Felis ISSN 2398-2950

Ear: aural hematoma

Contributor(s): Andrew Gardiner, David Godfrey, Kyle Mathews

Introduction

  • An aural hematoma is blood lying between the cartilaginous structure and skin of the pinna or within fractured aural cartilage.
  • Cause: probably this is secondary to head shaking or scratching at the ear both secondary to ear irritation, injury or disease.
  • Signs: vary from small, fluctuant swellings on either surface of the pinna to extremely large tense structures distorting the whole ear. The concave surface is more often affected.
  • Diagnosis: history, signs.
  • Treatment: drainage, usually surgical, and by correction of underlying problems.
  • Prognosis: neglected cases can result in the formation of a 'cauliflower ear' - a distorted pinna shape due to fibrosis and contraction of the hematoma within the ear. However, this is usually only of cosmetic concern.

Pathogenesis

Etiology

  • Vascular disruption and consequent bleeding into the space between the auricular cartilage and skin.
  • There is evidence for an autoimmune process occurring at least in some cases but this is disputed.

Predisposing factors

General

Pathophysiology

  • The pathogenesis of the condition is not fully understood.
  • In many instances, violent head shaking or scratching as a result of ear disease, irritation or injury results in cartilaginous damage and vascular injury to branches of the great auricular artery.
  • Increased capillary fragility or bleeding tendencies may occasionally result in hematomas in animals without obvious ear disease.
  • There is evidence for an autoimmune process occurring at least in some cases but this is disputed.
  • The condition is caused in most cases by bleeding into a potential space (between the auricular cartilage and skin of the pinna) usually following traumatic injury to the cartilage and associated blood vessels.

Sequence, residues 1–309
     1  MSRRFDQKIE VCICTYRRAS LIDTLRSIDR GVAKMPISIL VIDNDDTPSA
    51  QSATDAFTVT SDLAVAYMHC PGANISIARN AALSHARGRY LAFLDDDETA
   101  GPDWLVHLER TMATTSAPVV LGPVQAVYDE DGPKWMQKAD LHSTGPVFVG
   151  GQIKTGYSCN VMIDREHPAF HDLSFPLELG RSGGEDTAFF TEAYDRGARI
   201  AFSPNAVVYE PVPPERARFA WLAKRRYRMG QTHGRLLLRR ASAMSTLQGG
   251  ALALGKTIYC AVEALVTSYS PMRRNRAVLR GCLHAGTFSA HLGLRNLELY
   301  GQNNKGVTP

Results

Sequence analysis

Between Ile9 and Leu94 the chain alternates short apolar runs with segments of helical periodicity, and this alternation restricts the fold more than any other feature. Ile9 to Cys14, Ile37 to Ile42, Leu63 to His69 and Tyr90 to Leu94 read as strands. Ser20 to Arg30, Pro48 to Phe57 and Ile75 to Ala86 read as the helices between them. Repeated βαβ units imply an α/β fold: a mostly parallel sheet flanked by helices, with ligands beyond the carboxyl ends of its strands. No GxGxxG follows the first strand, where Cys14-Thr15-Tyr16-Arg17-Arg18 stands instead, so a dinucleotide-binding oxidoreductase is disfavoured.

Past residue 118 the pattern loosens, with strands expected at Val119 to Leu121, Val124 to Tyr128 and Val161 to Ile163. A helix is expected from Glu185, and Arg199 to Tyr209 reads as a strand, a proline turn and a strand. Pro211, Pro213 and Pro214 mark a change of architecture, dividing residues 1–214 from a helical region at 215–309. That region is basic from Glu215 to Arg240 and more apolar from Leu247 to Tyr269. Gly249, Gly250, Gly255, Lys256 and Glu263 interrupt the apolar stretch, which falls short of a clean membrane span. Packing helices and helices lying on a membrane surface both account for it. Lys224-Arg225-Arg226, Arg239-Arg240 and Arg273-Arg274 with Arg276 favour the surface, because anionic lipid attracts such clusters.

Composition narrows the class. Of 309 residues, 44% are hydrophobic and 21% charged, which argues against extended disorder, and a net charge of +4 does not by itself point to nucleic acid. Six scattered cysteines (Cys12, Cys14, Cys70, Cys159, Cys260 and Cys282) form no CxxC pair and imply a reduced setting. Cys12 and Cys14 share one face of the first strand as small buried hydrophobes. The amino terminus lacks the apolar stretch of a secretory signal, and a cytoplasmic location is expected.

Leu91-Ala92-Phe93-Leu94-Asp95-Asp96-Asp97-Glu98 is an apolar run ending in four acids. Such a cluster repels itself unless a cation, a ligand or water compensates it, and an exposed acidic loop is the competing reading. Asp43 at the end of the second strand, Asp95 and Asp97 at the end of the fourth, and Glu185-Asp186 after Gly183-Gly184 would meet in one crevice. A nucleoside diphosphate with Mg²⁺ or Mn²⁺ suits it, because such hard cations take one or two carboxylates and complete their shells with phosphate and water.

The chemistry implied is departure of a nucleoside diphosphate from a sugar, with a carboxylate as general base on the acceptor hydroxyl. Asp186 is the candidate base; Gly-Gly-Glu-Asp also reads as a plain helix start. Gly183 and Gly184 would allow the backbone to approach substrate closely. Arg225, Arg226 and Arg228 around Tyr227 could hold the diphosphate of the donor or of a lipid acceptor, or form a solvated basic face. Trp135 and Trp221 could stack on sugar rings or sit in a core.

• A fluctuant fluid swelling develops. In severe cases, the swelling may be large, tense, firm and very painful.

Timecourse

  • Several days.
  • Minor hematomas may be present for several weeks before attention is sought.

Diagnosis

This article is available in full to registered subscribers

Sign up now to purchase a 30 day trial, or Login

Treatment

This article is available in full to registered subscribers

Sign up now to purchase a 30 day trial, or Login

Outcomes

This article is available in full to registered subscribers

Sign up now to purchase a 30 day trial, or Login

Further Reading

Publications

Refereed papers

  • Recent references from PubMed and VetMedResource.
  • Swaim S F & Bradley D M (1996) Evaluation of closed-suction drainage for treating auricular hematomas. JAAHA 32 (1), 36-43 PubMed.
  • Romatowski J (1994) Nonsurgical treatment of aural hematomas. JAVMA 204 (9), 1318 PubMed.
  • Kuwahara J (1988) Canine and feline aural hematomas. Results of treatment with corticosteroids. JAAHA 22 (5), 641-647 VetMedResource.
  • Kuwahara J (1986) Canine and feline aural haematoma - clinical, experimental and clinicopathologic observations. Am J Vet Res 47 (10), 2300-2308 PubMed.

 


ADDED